"Kenny is a key part of our future," Sixers president Billy King said recently. "He's young, he's athletic, he can bang, and he's versatile enough to score from the perimeter. Plus, he always plays hard.
"When you look at our roster and some of the things we're trying to do in terms of having youth and athleticism, he fits the bill. I don't think there's any question about that."
King heard the same kind of praise for Thomas from Allen Iverson while talking about the Sixers' foray into free agency.
Teams can begin talking with free agents today, but they cannot sign them until July 16.
Thomas' energy, work ethic, and ability to play either small forward or power forward made his re-signing a priority. He will turn 26 on July 25.
"I know that I like Philadelphia a lot," the 6-foot-7 Thomas said last month while in San Antonio, Texas, for the NBA Finals. "They've been very good to me as an organization, and, obviously, I believe the Sixers have a chance to compete for a championship. So the situation is right.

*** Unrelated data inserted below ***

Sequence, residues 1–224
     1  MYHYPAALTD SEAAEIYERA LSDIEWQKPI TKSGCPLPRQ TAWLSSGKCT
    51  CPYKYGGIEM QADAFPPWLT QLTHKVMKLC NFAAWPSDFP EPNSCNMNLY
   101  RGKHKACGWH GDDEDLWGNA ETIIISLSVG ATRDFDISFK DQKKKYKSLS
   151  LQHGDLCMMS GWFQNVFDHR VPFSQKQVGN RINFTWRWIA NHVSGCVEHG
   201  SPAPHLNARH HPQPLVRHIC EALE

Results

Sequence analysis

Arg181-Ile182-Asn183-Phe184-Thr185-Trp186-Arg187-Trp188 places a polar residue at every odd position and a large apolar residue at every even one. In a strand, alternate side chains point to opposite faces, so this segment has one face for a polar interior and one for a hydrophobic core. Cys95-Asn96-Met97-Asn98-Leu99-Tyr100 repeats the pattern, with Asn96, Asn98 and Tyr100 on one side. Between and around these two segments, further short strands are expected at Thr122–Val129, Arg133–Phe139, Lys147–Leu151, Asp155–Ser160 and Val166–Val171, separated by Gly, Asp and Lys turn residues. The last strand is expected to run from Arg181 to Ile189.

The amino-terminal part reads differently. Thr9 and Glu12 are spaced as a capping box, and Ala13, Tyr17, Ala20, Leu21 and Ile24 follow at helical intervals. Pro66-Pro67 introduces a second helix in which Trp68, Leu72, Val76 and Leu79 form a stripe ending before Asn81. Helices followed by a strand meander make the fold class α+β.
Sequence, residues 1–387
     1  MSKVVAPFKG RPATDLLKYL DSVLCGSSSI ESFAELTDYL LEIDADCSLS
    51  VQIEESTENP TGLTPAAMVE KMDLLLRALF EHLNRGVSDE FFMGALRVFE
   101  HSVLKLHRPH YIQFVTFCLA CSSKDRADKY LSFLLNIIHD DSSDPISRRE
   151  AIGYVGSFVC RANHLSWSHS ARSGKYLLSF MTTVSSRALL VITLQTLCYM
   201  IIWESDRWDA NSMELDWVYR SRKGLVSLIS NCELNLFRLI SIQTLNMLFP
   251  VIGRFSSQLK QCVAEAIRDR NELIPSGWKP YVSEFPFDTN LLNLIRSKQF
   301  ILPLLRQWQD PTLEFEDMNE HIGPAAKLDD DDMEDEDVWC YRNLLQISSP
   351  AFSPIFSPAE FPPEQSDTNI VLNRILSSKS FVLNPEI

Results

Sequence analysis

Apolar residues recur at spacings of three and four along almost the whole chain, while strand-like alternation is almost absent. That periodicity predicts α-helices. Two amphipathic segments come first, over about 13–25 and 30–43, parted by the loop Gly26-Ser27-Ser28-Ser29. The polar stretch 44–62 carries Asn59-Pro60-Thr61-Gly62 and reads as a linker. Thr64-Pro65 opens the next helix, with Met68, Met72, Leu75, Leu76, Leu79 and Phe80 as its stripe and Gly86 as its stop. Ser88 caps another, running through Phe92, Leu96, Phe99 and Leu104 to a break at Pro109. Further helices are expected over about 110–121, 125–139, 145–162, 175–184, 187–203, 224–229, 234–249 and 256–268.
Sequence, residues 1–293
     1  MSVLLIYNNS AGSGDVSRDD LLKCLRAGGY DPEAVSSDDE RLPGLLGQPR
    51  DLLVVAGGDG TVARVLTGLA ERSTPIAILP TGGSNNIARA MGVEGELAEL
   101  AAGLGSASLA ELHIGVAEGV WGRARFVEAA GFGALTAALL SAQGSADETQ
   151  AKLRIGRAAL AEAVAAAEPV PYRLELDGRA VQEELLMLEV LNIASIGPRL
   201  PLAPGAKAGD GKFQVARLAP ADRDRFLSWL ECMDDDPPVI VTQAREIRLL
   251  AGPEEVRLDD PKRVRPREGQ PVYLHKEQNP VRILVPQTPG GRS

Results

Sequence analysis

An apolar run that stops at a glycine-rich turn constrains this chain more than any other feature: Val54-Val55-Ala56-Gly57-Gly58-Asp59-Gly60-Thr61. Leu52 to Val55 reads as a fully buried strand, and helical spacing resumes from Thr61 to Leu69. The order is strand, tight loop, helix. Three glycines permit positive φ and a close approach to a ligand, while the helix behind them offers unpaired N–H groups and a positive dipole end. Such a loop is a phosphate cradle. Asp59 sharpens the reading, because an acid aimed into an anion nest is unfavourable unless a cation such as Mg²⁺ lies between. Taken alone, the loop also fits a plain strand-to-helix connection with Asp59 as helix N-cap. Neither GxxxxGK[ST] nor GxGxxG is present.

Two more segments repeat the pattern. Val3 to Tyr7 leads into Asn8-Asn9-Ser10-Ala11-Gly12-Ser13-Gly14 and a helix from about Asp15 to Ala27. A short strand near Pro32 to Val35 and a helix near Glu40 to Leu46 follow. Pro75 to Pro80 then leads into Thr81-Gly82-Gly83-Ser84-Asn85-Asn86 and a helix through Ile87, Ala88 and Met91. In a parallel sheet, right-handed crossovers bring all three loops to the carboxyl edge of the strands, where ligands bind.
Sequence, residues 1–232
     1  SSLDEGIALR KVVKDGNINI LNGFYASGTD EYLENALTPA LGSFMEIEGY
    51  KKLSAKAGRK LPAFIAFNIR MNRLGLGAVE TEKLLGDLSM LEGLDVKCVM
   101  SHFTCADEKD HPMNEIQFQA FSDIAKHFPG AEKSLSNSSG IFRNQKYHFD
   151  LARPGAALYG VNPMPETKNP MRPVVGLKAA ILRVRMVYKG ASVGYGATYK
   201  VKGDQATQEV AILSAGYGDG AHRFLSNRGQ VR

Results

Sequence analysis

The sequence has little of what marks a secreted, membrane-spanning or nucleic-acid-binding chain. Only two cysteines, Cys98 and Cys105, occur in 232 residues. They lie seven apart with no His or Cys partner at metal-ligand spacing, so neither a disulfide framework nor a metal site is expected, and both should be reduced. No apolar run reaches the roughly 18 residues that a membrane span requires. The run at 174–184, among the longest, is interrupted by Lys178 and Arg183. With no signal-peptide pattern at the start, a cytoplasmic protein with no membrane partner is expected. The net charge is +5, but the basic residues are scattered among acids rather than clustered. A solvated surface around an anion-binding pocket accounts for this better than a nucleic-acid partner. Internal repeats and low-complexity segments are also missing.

"My teammates are great, and I'm confident that it's a great situation for all parties concerned. We'll see what happens."
Judging by the NBA's fiscal landscape, it's not as if Thomas will have a lot of options.
Because Thomas is a restricted free agent, the Sixers will have the right to match any offer he gets from another team. With the NBA's impending luxury tax set to kick in at about $52 million - a team must pay a dollar-for-dollar tax on any payroll amount over that figure - owners are being careful about how they spend their money.
"We've said since the day the season ended that re-signing Kenny Thomas was our No. 1 priority," King said. "Nothing has changed. It still is our No. 1 priority, and it will remain that way until he gets re-signed."
Contact staff writer Stephen A. Smith at 215-854-5846 or firstname.lastname@example.org.